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More competition will reduce meat prices in fight against inflation, says Biden

Acknowledging “we need to get inflation under control” as part of the economic recovery from the pandemic, President Biden said on Wednesday that the administration will inject competition into the highly consolidated meat industry to bring down prices at the grocery store. Meat prices soared by 14.8% during 2021, part of overall food inflation of 6.3%.

“Like I said, you have a circumstance where people are paying more for a pound of hamburger meat than they’ve ever paid,” said Biden during a news conference at the White House. “One of the reasons for that is … you’ve got the big four [processors] controlling it all.”

Biden announced a four-point plan early this month to boost competition in the meat industry, including up to $1 billion in loans and grants to increase the number of independent processors; across-the-board enforcement of antitrust laws; giving producers more leverage through tougher USDA fair-play rules to deal with processors; and encouraging cattle-market reforms by Congress. The president also signed an executive order in 2021 that directed federal agencies to support competition.

“You’re going to see, more and more, we’re going to move on this competition piece, to allow more and more smaller operations to come in and be able to engage buying and providing access to much cheaper meat than exists now,” Biden said at the press conference. “But it’s going to be a haul.”

The Justice Department and the Federal Trade Commission launched a joint public inquiry on Wednesday aimed at strengthening their enforcement tools against mergers that would reduce competition. They set a March 22 deadline for comments on how to review proposed mergers, such as whether to change how it’s determined that a merger would result in too little competition.

“Our country depends on competition to drive progress, innovation, and prosperity,” said Assistant Attorney General Jonathan Kanter. “We need to understand why so many industries have too few competitors, and to think carefully about how to ensure our merger enforcement tools are fit for purpose in the modern economy.”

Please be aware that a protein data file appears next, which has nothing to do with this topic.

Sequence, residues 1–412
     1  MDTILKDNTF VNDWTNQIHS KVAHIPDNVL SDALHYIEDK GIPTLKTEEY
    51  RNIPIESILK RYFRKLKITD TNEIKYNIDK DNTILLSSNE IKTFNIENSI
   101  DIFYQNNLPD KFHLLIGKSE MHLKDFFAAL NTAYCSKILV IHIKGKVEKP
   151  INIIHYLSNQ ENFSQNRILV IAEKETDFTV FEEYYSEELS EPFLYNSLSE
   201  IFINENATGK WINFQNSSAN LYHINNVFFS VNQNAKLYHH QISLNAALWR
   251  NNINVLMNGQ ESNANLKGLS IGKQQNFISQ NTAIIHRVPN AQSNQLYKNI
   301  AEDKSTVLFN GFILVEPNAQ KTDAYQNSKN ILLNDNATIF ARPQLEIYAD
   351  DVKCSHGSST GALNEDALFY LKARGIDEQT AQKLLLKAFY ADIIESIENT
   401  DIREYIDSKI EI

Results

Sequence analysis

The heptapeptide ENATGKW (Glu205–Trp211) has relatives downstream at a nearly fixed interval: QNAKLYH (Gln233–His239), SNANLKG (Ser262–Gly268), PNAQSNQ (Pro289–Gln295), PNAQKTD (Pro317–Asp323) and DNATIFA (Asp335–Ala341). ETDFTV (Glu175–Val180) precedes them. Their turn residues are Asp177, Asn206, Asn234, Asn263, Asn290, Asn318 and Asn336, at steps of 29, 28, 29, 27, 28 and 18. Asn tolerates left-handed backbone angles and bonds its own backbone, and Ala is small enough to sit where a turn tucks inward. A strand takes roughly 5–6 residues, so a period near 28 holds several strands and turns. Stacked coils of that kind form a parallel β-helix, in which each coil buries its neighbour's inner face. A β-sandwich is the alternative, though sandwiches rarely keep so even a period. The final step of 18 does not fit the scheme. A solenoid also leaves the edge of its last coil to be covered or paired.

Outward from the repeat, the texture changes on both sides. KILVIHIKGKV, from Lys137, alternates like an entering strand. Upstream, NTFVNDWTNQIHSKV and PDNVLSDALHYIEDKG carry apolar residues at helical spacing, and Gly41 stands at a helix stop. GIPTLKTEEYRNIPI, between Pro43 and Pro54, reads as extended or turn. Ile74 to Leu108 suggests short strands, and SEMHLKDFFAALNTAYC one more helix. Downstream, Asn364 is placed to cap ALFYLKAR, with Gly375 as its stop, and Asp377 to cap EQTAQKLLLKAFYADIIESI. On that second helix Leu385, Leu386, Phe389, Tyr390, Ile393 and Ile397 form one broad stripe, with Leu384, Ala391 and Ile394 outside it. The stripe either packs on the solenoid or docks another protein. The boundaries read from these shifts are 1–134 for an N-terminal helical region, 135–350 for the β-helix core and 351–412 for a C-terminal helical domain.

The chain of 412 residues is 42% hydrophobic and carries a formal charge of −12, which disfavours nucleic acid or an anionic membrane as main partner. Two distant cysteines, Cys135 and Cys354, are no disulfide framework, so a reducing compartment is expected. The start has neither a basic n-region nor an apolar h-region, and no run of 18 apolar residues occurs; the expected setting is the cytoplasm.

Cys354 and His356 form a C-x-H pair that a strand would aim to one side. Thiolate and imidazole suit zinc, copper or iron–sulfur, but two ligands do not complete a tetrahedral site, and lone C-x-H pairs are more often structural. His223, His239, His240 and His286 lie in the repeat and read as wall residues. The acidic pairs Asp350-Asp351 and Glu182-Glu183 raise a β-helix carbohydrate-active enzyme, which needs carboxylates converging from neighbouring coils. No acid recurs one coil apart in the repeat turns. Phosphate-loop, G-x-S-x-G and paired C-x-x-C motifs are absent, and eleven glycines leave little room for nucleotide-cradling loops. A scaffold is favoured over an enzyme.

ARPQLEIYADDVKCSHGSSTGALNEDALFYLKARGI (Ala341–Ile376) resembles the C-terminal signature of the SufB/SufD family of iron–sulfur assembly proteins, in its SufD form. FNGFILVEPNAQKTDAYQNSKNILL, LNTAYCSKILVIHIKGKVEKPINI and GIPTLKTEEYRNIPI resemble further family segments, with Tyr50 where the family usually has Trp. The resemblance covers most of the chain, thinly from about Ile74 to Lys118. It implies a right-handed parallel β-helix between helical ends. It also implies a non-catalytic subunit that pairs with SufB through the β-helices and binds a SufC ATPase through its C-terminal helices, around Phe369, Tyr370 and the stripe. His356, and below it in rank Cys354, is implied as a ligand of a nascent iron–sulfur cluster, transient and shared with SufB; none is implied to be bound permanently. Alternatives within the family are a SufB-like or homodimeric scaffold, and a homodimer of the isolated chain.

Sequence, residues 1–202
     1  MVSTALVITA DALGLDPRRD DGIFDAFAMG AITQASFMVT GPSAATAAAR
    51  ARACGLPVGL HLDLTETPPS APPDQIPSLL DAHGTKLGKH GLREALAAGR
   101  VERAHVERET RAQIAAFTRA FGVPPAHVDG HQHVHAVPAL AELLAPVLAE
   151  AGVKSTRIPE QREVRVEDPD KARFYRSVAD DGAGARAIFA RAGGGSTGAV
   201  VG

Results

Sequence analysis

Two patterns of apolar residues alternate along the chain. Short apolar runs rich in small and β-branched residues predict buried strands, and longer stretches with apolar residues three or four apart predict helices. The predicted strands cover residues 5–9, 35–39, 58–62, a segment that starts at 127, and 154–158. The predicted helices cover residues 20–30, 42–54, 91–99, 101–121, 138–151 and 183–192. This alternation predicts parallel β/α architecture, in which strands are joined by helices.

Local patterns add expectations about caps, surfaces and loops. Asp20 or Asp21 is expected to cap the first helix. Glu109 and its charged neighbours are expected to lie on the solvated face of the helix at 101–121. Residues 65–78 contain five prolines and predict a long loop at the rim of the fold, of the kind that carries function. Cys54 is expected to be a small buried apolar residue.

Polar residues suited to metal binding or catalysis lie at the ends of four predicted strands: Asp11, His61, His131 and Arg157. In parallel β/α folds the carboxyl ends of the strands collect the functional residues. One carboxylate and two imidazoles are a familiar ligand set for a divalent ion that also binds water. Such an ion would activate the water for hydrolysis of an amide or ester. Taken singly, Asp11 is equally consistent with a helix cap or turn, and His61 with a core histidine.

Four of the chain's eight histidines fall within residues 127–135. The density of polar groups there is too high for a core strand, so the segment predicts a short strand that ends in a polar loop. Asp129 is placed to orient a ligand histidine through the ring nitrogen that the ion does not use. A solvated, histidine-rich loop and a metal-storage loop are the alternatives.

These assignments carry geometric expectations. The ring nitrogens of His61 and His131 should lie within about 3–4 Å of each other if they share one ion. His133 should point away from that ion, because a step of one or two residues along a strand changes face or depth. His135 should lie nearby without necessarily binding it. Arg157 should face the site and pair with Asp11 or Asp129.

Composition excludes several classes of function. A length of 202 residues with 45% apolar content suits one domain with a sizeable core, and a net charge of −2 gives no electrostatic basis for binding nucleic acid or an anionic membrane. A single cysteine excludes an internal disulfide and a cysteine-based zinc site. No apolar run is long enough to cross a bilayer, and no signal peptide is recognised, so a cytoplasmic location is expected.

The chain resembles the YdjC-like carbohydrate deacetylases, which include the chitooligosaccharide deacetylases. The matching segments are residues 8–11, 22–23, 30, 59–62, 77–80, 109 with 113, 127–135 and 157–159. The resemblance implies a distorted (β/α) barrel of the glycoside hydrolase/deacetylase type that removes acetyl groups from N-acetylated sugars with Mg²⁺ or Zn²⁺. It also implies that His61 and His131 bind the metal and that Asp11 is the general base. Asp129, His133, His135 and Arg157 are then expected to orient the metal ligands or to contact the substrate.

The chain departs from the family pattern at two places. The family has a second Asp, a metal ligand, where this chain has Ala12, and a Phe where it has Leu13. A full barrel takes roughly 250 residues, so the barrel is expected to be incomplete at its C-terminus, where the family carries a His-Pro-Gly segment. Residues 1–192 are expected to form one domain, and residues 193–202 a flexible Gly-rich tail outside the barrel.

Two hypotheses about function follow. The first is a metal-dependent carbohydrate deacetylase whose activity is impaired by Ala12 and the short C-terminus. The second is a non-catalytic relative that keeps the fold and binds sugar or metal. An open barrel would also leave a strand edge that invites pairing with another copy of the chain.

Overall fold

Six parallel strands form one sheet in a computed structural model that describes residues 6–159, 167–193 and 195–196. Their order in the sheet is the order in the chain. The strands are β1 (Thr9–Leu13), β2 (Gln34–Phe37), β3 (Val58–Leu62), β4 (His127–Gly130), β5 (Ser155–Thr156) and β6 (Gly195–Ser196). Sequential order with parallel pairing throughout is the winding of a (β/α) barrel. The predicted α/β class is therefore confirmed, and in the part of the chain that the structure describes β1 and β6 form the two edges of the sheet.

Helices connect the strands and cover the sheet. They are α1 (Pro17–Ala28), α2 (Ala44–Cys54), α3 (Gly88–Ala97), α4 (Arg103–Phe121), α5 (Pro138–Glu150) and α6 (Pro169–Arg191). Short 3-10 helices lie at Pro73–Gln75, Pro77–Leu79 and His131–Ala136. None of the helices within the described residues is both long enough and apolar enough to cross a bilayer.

Farm activists called for a moratorium on food and agribusiness mergers during testimony before a House Judiciary subcommittee on Wednesday. “Longer-term solutions will also require updating our antitrust laws for agriculture, food, and retail,” said Joe Maxwell, president of the group Farm Action. Trina McClendon, a poultry farmer in Mississippi, joined Maxwell in calling for a moratorium on mergers and stronger enforcement of antitrust law.

Allison Johnson of the Natural Resources Defense Council, an environmental group, said antitrust laws should be amended “to more clearly target unfair practices that result in environmental and health harms and include more opportunity for public participation and citizen lawsuits.”

Economists from the Heritage Foundation and the International Center for Law and Economics said at the hearing that other factors, such as supply chain disruptions or surging consumer demand, were responsible for inflation. “The purpose of antitrust law is to protect competition rather than to guarantee low prices in and of themselves,” said Geoffrey Manne of the ICLE.

To watch a C-SPAN video of Biden’s news conference, click here.

To watch a video of the House hearing or to read the statements of witnesses, click here.

Produced with FERN, non-profit reporting on food, agriculture, and environmental health.
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